Mildred Hemmons Carter & the Tuskegee Airmen Legacy

Mildred Hemmons Carter

(September 14, 1921 – October 26, 2011)

Mildred Hemmons was born on September 14, 1921 in Benson, Alabama.  She graduated high school at age 15 and went on to earn her Business degree by age of 19 at Tuskegee Institute. She applied for the Civilian Pilot Training Program to pursue her interest in flying. She is considered part of the Tuskegee Airmen Legacy as the first female pilot to join the Alabama state’s Civil Air Patrol Squadron in 1942. Though a skilled pilot and a pioneer, she was unable to soar to her full potential as a fighter pilot during World War II.

“I did the next best thing. I married a fighter pilot.” 

Mildred (Hemmons) married Col. Herbert E.Carter in August of 1942. Col. Herbert E.Carter, was one of the 33 original Tuskegee Airmen pilots.  Their mid-air courtship began with mile-high dates doing what they both loved (flying side by side)… a love affair that lasted 68 years of marriage until her passing.

Mildred H. Carter

Photo Credit: (l) Alabama Aviator (r) Robert Johnson/CNN

More about her: 70th commemoration and The Carter Legacy.

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Paul Revere Williams, Architect

Paul R. Williams

Architect to the Stars

Paul Revere Williams, FAIA (February 18, 1894 – January 23, 1980) was a Los Angeles-based, American architect. He practiced largely in Southern California and designed the homes of numerous stars including Frank Sinatra, Lucille Ball/Desi Arnaz, Lon Chaney, and Charles Correll. He also designed many public and private buildings.  From Wikipedia

Paul Revere Williams, Architect. Photo: http://www.paulrwilliamsproject.org

Paul R. Williams (l) and Arthur Froehlich (r) Photo: http://www.paulrwilliamsproject.org

Saks Fifth Avenue in Beverly Hills, CA – Architect, Paul Revere Williams

Photo: Maynard Parker, Huntington Library

For more on Paul Williams’ and his legacy, please visit http://www.paulrwilliamsproject.org/ .

Anne Lowe: The Woman Behind The Dress

A woman’s power lies in her ability to create

Jackie Kennedy chose New York designer Ann Lowe to create the Perfect Gown for her Special Day.

 photo: Jacqueline Bouvier-Kennedy’s Wedding dress designed by Ann Lowe, stands on display at Kennedy Library in Boston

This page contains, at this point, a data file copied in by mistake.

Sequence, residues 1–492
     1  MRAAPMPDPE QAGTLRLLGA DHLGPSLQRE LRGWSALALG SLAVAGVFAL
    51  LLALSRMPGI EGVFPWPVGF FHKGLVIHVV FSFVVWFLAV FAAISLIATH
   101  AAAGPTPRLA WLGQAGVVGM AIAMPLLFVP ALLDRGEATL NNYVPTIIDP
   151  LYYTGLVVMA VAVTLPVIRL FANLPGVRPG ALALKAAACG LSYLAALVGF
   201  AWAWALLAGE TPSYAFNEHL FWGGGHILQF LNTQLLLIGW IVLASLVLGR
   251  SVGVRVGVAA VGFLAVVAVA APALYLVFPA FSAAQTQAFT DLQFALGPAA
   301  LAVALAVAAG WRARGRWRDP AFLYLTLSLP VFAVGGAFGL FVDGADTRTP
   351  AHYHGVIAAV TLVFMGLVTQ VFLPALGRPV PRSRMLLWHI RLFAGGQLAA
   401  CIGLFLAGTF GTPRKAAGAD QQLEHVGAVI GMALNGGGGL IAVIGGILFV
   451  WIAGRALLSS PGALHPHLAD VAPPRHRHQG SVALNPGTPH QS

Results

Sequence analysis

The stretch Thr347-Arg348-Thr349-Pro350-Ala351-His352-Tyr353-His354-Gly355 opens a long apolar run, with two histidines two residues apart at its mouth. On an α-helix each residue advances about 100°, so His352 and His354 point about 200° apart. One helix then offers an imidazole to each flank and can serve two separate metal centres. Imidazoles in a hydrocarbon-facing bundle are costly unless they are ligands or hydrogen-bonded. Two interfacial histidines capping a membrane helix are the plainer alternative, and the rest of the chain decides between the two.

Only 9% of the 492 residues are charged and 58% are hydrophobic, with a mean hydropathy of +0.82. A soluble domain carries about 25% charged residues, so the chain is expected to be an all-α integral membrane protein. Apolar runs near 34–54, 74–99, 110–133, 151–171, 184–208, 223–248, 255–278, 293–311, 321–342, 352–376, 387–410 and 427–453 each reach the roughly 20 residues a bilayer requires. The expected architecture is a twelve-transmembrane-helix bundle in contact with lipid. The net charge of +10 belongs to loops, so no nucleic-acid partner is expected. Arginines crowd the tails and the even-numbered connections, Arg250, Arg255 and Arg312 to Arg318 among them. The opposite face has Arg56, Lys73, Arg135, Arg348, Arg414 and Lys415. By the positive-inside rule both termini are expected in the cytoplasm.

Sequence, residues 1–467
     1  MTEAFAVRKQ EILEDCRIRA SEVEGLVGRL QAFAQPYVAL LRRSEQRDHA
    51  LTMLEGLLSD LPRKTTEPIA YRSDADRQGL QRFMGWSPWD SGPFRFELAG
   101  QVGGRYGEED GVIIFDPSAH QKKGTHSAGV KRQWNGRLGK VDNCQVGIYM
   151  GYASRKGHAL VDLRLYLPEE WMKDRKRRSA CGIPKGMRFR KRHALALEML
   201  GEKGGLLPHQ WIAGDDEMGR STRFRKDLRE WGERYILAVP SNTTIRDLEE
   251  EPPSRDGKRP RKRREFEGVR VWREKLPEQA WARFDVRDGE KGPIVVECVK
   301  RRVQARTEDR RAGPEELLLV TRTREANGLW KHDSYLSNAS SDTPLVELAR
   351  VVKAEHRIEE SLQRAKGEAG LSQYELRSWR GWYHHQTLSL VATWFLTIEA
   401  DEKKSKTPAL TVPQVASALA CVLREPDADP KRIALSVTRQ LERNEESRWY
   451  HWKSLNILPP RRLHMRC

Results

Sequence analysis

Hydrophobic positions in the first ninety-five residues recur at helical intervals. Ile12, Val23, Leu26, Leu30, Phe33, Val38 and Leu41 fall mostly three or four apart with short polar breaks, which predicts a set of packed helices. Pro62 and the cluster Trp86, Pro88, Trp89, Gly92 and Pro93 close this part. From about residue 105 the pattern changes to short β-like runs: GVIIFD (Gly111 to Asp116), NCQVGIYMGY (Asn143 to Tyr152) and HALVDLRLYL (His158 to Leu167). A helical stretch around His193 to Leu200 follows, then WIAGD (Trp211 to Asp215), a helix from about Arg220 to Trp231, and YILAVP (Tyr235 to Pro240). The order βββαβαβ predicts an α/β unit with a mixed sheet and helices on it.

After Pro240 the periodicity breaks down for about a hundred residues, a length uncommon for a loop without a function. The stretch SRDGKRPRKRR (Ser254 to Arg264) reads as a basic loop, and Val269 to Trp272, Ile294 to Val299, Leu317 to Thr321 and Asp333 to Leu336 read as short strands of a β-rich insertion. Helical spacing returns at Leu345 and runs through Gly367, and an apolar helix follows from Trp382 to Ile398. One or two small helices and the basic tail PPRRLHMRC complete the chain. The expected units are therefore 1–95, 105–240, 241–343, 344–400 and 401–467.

The Dress, cited as one of the memorable bridal gowns of all time, was made from approximately 50 feet of ivory silk taffeta. 

photo: Ann Lowe, Designer

Little is known about the woman who led a quiet life yet made her mark in her ability to ‘create’.

Anne Lowe (born Anne Cole Lowe, 1898-1981) was an African-American fashion designer who designed the wedding dress for Jacqueline Bouvier when she married John F. Kennedy.

She was born in Clayton, Alabama[1] the great granddaughter of a slave and plantation owner[2]

She married in 1912 at age 14 and enrolled in a fashion school in New York City in 1917. After graduation she opened a salon in Tampa, Florida before returning to New York in 1928 where she worked on commission for stores such as Chez Sonia. In 1946 she designed the dress that Olivia de Havilland wore to accept the Academy Award for Best Actress for To Each His Own (film) — although the name on the dress was Sonia Rosenberg.[2]

She designed for various upper crust New Yorkers including the ivory-silk-taffeta wedding dress for Jacqueline Kennedy in 1953.

She worked her later years at Saks Fifth Avenue where she was featured in a 1960 advertisement.[2]

Felled by glaucoma she lost an eye but continued to design through 1960 for Madeline Couture and briefly operated Ann Lowe Originals on Madison Avenue in New York.

Source: Wikipedia

Harlem Renaissance Elegance

A’Leila Bundles, author of “On Her Own Ground: The Life and Times of Madam CJ Walker” shares pictures of her grandmother on the day of her wedding. 

Twentieth Century elegance in all its splendor! The story behind the photos is a great read!

photo: Bride, Mae Walker, Wedding Day, 1923

All Photos: www.aleliabundles.com and www.madamcjwalker.com

We recommend  the book “On Her Own Ground: The Life and Times of Madam CJ Walker” by A’Leila Bundles

For more information about the A’Lelia Bundles, visit her websites at www.aleliabundles.com and www.madamcjwalker.com. She also is on Facebook at A’Lelia Bundles and at Madam Walker/A’Lelia Walker Family Archives.

Duke Ellington

The LEGENDARY Duke Ellington

Edward Kennedy “Duke” Ellington (April 29, 1899 – May 24, 1974) was an American composer, pianist, and big band leader. Ellington wrote over 1,000 compositions. In the words of Bob Blumenthal of The Boston Globe “In the century since his birth, there has been no greater composer, American or otherwise, than Edward Kennedy Ellington.”[1]